In 1989, RSNA was 75 years old. That year's scientific assembly was to be a celebration of the Society's endurance and radiology's growth.
RSNA's Fourth Executive Director
Earlier that year, the Board of Directors had selected Delmar J. Stauffer to be the fourth executive director for the Society. Stauffer was an Illinois native with a master's degree in health education from the University of Illinois, Champaign-Urbana. He was a science teacher before beginning a career in association management. He worked with the American Medical Association, the American Dental Association and the Chicago Dental Society.1 Stauffer enthusiastically accepted the challenge of managing RSNA and once compared his becoming the Society's executive director to jumping onto a speeding train.2 In addition, Merle Hedland was named the Society's new director of scientific meetings, replacing the retiring George Schuyler.
At that same time, William J. Tuddenham, M.D., announced his retirement as editor of RadioGraphics—a journal he had created. William W. Olmsted, M.D., from the George Washington University Medical Center in Washington, D.C., was selected to be the new RadioGraphics editor.
A Move Down the Street
RSNA had embarked on so many new endeavors over the past decade that the number of staff members had increased and the Society headquarters had to be moved to more spacious facilities a few blocks away in Oak Brook, Ill.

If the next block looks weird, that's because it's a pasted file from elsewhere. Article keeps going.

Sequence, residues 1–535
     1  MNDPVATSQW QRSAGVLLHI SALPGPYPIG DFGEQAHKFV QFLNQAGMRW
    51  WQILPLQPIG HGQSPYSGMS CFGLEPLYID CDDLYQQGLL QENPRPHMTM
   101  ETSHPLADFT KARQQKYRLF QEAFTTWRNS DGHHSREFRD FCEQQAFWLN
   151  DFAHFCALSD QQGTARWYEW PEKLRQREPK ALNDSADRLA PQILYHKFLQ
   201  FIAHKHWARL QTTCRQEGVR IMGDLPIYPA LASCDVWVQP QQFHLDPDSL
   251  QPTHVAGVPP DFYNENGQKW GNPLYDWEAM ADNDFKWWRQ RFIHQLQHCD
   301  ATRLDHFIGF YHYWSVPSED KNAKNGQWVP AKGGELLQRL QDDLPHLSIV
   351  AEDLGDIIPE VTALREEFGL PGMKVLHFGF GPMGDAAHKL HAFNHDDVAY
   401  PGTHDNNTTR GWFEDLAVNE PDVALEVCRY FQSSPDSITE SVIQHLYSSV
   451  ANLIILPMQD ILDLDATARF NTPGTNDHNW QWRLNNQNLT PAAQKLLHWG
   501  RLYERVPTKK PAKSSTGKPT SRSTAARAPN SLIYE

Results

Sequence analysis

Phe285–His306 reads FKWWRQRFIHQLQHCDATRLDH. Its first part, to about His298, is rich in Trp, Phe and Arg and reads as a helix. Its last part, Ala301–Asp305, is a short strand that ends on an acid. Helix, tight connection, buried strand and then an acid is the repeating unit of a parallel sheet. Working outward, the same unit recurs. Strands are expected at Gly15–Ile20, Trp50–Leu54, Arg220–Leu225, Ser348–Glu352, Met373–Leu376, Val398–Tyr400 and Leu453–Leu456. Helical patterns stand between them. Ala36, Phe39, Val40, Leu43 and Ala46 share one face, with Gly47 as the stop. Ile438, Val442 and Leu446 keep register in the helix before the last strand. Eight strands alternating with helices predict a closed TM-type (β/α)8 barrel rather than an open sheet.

Meanwhile, the scientific assembly had become so large that the 1989 meeting occupied a portion of the newly constructed North Building at McCormick Place as well as the original Lakeside Center. The two buildings were connected by a walkway dubbed the "spine" by RSNA staff. The walkway went over half of Lake Shore Drive and under the other half. This design resulted in a series of short escalators that would create bottlenecks for the next 10 meetings as it slowed attendees moving from one building to another to view exhibits or to hear lectures.
Many RSNA members began voicing concerns that the scientific assembly had become too large and that they were overwhelmed by the extensive scientific program.
RSNA Program Committee Chairman Derek C. Harwood-Nash, M.B., Ch.B., recognized that the scientific assembly had to display innovations in radiology while also being accessible and valuable to the practicing radiologist, radiation oncologist and medical physicist worldwide. Through his leadership, RSNA produced Walk through the Week brochures that outlined a customized scientific assembly based on subspecialty topics. The first brochure was unveiled at the 1989 meeting and focused on interventional radiology. Plans were made to expand the idea to include neuroradiology, musculoskeletal radiology, gastrointestinal radiology and magnetic resonance imaging for subsequent annual meetings.3
The expanding scientific assembly was detailed by Robert E. Campbell, M.D., during his 1989 presidential address. Dr. Campbell noted that in 1974, during the last meeting held at the Palmer House hotel, technical exhibits occupied 43,000 square feet. In 1989, they occupied 305,000 square feet. The largest technical exhibitor took up 640 square feet in 1974; in 1989, the largest exhibitor occupied 15,000 square feet. He also noted that the scientific exhibits had increased from 80 in 50 small rooms at the Palmer House to 400 in 60,000 square feet at McCormick Place. Refresher courses had more than doubled from 72 to 185 and the number of scientific papers had increased substantially from 83 to 1,422.